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2.7. Translation of RNA to proteins

Protein translation or synthesis

The translation or synthesis of proteins consists of the formation of an amino acid sequence (protein) from the information contained in the sequence of nitrogenous bases of the mRNA, transcribed from the DNA (in the transcription process) that is in the nucleus of the eukaryotic cells.

The transcribed mRNA leaves the nucleus through the pores of the nuclear envelope and reaches the cytoplasm, where the ribosomes are and to which it will bind.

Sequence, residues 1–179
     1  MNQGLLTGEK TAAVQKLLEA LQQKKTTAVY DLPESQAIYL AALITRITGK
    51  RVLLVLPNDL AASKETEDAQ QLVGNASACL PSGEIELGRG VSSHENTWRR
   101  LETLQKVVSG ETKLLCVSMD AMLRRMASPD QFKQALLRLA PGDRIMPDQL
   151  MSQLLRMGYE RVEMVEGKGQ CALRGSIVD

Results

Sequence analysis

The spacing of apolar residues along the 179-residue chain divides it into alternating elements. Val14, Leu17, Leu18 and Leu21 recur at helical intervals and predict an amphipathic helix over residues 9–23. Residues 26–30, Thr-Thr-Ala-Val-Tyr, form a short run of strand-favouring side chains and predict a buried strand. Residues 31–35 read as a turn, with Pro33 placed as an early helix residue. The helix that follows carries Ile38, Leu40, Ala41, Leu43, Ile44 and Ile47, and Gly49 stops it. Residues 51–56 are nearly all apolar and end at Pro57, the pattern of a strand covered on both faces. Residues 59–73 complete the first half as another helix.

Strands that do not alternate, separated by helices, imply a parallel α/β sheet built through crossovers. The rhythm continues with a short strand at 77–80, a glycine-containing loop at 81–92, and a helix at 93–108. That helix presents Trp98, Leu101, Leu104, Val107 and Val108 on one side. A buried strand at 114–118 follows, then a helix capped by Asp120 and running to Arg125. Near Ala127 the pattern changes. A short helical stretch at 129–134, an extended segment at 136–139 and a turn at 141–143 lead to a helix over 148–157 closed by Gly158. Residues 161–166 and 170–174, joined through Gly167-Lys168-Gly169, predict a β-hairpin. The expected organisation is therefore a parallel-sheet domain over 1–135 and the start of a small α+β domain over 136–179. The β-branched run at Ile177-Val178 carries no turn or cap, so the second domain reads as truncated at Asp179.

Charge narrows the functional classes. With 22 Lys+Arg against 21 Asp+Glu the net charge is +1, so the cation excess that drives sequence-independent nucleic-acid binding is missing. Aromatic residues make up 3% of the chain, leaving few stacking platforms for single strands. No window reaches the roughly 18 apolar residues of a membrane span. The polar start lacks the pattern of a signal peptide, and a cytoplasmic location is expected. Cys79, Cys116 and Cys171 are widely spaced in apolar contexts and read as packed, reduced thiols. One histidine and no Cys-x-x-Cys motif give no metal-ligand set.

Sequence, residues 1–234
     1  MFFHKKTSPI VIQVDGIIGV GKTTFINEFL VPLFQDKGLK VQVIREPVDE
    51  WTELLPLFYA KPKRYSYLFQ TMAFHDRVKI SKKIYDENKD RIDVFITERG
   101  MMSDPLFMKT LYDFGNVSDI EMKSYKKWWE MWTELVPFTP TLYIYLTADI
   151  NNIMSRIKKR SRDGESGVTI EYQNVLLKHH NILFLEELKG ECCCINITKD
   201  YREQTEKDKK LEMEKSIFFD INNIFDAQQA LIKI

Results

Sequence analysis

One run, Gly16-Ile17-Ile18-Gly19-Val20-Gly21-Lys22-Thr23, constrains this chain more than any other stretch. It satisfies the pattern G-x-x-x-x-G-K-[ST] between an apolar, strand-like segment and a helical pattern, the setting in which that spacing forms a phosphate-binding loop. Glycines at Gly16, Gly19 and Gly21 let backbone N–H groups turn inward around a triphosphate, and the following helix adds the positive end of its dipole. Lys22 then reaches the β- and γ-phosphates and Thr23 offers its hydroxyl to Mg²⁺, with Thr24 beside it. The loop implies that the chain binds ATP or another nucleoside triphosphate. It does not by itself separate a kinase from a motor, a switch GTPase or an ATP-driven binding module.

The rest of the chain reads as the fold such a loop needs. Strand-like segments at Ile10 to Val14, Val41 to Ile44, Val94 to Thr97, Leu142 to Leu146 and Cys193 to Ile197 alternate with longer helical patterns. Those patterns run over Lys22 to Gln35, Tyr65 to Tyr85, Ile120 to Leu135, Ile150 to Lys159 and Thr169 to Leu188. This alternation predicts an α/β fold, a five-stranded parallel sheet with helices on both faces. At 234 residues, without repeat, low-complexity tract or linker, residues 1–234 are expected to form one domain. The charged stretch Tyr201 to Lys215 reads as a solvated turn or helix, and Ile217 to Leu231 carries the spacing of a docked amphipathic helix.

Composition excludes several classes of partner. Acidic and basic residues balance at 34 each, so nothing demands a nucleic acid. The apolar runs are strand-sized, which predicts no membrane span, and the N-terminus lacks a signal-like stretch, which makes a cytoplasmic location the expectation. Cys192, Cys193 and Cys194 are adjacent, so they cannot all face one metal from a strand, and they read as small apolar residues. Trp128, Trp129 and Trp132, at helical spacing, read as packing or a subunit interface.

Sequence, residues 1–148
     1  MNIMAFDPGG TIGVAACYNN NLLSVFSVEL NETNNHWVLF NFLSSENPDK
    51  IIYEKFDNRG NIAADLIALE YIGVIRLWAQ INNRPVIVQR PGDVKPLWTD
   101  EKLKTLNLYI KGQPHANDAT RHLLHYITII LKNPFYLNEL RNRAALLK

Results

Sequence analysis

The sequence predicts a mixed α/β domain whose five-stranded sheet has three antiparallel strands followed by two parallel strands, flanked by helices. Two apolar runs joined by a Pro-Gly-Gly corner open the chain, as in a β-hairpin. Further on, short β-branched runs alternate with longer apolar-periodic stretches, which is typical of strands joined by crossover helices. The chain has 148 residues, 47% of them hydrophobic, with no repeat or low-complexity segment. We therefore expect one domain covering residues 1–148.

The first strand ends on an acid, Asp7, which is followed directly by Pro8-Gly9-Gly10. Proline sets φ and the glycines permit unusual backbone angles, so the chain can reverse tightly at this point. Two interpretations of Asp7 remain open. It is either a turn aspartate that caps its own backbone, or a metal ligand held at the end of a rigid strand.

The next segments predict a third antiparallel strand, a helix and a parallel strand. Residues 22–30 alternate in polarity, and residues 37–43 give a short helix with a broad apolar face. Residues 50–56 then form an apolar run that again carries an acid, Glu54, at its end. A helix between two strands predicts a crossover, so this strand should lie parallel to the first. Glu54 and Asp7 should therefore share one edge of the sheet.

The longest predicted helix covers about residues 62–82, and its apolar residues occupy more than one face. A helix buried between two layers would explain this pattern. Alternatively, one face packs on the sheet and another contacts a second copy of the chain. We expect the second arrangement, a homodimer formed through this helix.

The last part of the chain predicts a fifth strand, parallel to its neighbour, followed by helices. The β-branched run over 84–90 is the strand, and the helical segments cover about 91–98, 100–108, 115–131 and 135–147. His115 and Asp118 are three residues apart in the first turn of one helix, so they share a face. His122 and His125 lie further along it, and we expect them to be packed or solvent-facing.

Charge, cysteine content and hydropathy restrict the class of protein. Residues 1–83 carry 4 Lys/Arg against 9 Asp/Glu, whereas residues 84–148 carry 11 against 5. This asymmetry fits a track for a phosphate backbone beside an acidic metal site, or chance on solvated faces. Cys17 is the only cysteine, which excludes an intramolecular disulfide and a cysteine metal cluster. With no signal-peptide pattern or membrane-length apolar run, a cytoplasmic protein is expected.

The ribosome "reads" the  mRNA in threes in three nucleotides called codons. The ribosome goes through the mRNA translating each codon to the corresponding amino acid, but it needs the help of another RNA, the tRNA or transfer RNA. Each tRNA is linked to a specific amino acid, the one corresponding to each codon of mRNA. The tRNA has a triplet, called the anticodon, which is the one that binds to the codon of the mRNA.

Thus, the mRNA base sequence is what establishes the order in which amino acids are added to the peptide chain that will form the protein.

The arriving amino acids, attached to the tRNA, are joined by peptide bonds to form the protein.